Second’s the Charm
LittleBigPlanet is one of the most original games ever made. I know that’s a big statement, but it’s a well-deserved one. When I found out the game was going portable, I couldn’t have been happier. Not only would I be able to play more of it, but it would also be a great opportunity for non-PS3 owners to experience the game that had conquered our hearts. It’s taken 12 months to see our Game of the Year turned into a handheld experience, so hopefully everyone has had enough time to get through the original and prepare for this portable session of LittleBigPlanet; those who haven’t… well, here’s your chance to get back into it, just the way you know it.
Media Molecule, LBP’s original development team, hasn’t done a whole lot for the PSP version. For the most part, they’ve just supported Sony’s UK-based development team so they’d achieve their ultimate goal: creating a whole new LittleBigPlanet game for the handheld without the risk of getting it lost in translation. SCE Cambridge has indeed done an amazing job with the game, making it feel just like its big brother, but shrinking it to palm-sized entertainment.
The team had a few handicaps to overcome, starting with the smaller display. LBP was made to shine on a big HD screen, and its charming, hand-crafted vibe, as well as the incredible details and textures set this game apart from everything else out there. When you see LittleBigPlanet on the PSP, you almost want to see more. The game is still loaded with great details and textures, packed with original new levels, lots of color, and the same characters we’ve come to love. You can also unlock new items and bring up the Pop-It menu with the push of a button in order to customize your sackperson, and you can purchase new costumes from the PSN, just like on the PS3.
The 35+ new levels have been carefully designed and decked out with that characteristic ethnic feel that takes your imagination to exciting new worlds, and the unique menu interface couldn’t be more familiar. You can also customize the levels with stickers you collect along the way, and even employ some of them to trigger chain reactions or open up new paths. Everything has been done right as far as visuals, yet you want to see everything blown up in size. It feels as if the game is facing its worst enemy: its big console counterpart. If we had nothing to compare it to, we wouldn’t have these strange feelings. However, one has to get over that and realize this is one of the best-looking PSP games out there.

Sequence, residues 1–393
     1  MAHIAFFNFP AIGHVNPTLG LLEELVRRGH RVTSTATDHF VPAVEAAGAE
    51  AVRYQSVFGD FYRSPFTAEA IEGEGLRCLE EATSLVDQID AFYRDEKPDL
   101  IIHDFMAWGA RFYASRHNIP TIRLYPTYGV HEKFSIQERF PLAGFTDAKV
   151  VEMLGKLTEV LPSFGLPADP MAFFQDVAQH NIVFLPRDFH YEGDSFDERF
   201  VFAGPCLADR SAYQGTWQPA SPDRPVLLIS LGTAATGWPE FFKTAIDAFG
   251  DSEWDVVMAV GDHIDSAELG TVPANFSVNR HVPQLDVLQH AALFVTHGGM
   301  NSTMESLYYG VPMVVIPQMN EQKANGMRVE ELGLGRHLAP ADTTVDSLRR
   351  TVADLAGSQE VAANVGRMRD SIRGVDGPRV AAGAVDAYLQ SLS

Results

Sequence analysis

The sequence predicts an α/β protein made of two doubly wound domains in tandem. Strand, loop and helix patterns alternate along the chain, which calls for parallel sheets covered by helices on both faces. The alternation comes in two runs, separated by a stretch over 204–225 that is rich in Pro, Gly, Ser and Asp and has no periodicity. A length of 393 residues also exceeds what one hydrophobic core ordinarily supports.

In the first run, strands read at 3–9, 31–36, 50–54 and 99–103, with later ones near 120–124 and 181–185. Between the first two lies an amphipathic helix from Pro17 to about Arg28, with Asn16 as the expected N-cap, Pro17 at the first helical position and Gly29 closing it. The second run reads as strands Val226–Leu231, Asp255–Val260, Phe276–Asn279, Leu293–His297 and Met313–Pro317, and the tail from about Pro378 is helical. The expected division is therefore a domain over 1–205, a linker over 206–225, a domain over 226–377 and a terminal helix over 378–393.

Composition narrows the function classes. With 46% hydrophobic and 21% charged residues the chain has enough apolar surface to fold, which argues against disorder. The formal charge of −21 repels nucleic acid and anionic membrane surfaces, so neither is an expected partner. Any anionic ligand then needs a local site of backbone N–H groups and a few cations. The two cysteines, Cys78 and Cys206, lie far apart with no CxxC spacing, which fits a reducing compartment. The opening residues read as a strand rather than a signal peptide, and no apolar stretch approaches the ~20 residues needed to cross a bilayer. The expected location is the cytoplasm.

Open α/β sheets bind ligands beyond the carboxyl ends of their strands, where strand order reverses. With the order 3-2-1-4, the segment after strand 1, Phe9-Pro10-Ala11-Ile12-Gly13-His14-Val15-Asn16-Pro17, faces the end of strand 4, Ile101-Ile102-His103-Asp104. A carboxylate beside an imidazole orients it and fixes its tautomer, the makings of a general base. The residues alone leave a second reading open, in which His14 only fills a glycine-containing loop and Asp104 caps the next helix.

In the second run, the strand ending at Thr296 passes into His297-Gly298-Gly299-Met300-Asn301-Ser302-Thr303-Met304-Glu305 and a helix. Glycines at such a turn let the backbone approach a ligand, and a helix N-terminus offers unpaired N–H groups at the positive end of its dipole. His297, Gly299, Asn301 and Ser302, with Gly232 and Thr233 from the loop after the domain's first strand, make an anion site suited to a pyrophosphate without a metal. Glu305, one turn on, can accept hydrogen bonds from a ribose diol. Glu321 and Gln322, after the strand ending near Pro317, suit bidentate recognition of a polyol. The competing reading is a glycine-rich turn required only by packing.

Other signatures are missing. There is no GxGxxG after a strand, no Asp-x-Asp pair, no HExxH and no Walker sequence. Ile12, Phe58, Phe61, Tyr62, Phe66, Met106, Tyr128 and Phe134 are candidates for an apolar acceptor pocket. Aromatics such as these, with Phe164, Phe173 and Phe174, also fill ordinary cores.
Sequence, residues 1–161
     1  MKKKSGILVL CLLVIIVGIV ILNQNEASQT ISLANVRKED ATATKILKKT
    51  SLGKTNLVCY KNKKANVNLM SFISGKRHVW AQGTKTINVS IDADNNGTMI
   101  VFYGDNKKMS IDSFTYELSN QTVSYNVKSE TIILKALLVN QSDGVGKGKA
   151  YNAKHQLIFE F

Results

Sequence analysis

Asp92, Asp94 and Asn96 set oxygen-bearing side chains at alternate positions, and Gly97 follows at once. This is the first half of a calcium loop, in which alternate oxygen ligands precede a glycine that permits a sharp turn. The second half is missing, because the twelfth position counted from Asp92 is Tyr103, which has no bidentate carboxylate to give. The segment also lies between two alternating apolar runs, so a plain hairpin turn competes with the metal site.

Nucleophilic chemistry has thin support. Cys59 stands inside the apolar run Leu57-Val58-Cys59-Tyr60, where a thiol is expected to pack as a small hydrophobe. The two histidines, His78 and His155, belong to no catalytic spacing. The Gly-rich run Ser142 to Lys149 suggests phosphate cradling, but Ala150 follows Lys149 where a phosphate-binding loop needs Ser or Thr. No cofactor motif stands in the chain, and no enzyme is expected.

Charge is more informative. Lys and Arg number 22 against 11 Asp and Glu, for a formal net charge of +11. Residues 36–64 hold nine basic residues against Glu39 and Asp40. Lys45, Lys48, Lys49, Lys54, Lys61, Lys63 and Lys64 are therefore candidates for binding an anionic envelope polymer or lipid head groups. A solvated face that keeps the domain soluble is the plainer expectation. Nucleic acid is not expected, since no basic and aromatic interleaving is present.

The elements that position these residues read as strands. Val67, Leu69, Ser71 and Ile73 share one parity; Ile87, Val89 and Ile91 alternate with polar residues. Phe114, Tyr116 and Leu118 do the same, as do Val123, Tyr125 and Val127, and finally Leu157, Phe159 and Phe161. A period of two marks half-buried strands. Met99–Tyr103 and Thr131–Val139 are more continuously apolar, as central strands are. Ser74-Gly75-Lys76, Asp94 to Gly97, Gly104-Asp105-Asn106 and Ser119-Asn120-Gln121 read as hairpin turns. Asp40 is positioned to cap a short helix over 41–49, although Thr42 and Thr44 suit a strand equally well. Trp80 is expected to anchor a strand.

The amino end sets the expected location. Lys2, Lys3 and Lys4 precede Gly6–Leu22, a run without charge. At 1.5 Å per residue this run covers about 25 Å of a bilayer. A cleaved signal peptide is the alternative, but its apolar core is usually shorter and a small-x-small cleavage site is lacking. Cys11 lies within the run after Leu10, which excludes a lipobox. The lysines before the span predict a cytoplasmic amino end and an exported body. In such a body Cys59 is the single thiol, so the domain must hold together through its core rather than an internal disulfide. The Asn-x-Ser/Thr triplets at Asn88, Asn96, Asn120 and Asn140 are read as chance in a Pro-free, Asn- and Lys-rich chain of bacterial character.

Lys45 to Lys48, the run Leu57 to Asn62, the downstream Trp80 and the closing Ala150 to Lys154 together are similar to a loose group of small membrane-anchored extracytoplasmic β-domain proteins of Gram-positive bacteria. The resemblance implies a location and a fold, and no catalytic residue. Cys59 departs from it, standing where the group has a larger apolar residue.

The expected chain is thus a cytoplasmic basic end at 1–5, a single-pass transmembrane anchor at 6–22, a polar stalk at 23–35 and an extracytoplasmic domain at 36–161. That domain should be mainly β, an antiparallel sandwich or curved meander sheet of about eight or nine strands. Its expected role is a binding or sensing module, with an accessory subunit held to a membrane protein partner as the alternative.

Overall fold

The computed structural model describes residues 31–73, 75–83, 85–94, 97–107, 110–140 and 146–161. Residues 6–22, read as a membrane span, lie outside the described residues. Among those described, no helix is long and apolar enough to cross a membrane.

Something similar happens with the sound. The game sports an admirable soundtrack with songs and tunes that fit the varied themes like a glove. They are different from the PS3 version and exclusive to this game, as are the new levels. The sound effects have been borrowed from the big brother, and the original narrator, Stephen Fry, does a great job here as well. Unfortunately, despite the high-quality soundtrack we’re being offered, the PSP speakers are not quite up to snuff, and even when wearing headphones, the aural experience can’t quite compare.
But enough comparisons! All I’m trying to say is that previous LittleBigPlanet fans may feel a bit out of place with this portable version at first, though the wonderful and equally engaging new levels will soon do their job of getting you hooked. The game takes you to seven new locations, from the virgin lands of Australia to China, Egypt, Switzerland, and beyond. The charming new levels have all been designed from scratch, made to fit the typical LBP platforming style, and they’re filled with accessible physics-based puzzles that let you advance through the game with just the right amount of effort. Everything is very original and intuitive, and whether you’re trying to reach a switch, escape from a dragon, or climb a mountain of disappearing blocks, no one should worry about too much challenge; everything’s doable with a little bit of practice.